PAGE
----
• Set operators can't be used in SELECT statements containing TABLE collection expressions.

  • The LONG, BLOB, CLOB, BFILE, VARRAY,or nested table are not permitted for use in Set operators.For update clause is not allowed with the set operators.

UNION

When multiple SELECT queries are joined using UNION operator, Oracle displays the combined result from all the compounded SELECT queries,after removing all duplicates and in sorted order (ascending by default), without ignoring the NULL values.

Consider the below five queries joined using UNION operator.The final combined result set contains value from all the SQLs. Note the duplication removal and sorting of data.

SELECT 1 NUM FROM DUAL
UNION
SELECT 5 FROM DUAL 
UNION
SELECT 3 FROM DUAL
UNION
SELECT 6 FROM DUAL
UNION
SELECT 3 FROM DUAL;

NUM
-------
1
3
5
6

To be noted, the columns selected in the SELECT queries must be of compatible data type. Oracle throws an error message when the rule is violated.

SELECT TO_DATE('12-OCT-03') FROM DUAL
UNION
SELECT '13-OCT-03' FROM DUAL;

SELECT TO_DATE('12-OCT-03') FROM DUAL
       *
ERROR at line 1:
ORA-01790: expression must have same datatype as corresponding expression

UNION ALL

UNION and UNION ALL are similar in their functioning with a slight difference. But UNION ALL gives the result set without removing duplication and sorting the data. For example,in above query UNION is replaced by UNION ALL to see the effect.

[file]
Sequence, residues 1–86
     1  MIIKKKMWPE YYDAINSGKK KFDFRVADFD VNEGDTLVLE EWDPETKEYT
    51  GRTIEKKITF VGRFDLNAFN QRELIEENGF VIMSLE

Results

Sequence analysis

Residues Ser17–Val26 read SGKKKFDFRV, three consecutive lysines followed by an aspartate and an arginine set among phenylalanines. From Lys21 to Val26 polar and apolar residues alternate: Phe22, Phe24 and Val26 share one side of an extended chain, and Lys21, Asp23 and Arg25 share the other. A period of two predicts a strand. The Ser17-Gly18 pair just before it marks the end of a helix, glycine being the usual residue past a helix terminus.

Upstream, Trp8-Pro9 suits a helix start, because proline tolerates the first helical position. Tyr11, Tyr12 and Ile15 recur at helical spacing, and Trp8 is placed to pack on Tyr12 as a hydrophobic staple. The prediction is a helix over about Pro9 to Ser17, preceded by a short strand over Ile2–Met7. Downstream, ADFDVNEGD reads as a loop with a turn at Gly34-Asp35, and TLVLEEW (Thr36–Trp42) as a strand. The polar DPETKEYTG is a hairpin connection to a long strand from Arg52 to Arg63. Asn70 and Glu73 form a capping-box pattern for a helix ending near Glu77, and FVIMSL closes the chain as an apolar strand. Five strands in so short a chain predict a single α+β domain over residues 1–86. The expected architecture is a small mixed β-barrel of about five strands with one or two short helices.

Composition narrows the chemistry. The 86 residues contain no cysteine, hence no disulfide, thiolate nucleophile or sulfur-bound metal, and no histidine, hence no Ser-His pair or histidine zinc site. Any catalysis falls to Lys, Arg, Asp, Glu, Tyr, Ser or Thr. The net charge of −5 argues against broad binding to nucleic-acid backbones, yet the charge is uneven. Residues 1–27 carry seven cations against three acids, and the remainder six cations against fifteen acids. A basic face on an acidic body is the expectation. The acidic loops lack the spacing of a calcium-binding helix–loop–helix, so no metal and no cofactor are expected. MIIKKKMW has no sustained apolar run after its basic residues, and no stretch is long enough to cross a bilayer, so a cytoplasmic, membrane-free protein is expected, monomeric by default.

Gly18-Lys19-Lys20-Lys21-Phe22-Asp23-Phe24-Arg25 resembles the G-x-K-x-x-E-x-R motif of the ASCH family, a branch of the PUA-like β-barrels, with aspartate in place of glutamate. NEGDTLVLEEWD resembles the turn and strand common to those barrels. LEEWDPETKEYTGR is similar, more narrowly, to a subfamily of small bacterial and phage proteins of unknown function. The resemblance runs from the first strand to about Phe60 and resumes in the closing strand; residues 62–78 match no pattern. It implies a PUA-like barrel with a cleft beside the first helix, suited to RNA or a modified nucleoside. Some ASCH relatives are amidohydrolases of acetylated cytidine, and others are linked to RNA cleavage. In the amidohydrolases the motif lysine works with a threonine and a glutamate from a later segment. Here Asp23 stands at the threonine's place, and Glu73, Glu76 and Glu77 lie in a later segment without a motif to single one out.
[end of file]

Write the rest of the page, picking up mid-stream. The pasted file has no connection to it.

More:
Consider the query demonstrated in UNION section. Note the difference in the output which is generated without sorting and deduplication.

SELECT 1 NUM FROM DUAL
UNION ALL
SELECT 5 FROM DUAL 
UNION ALL
SELECT 3 FROM DUAL
UNION ALL
SELECT 6 FROM DUAL
UNION ALL
SELECT 3 FROM DUAL;

NUM
-------
1
5
3
6
3

INTERSECT

Using INTERSECT operator, Oracle displays the common rows from both the SELECT statements, with no duplicates and data arranged in sorted order (ascending by default).

For example,the below SELECT query retrieves the salary which are common in department 10 and 20.As per ISO SQL Standards, INTERSECT is above others in precedence of evaluation of set operators but this is not still incorporated by Oracle.

SELECT SALARY
FROM employees
WHERE DEPARTMENT_ID = 10
INTRESECT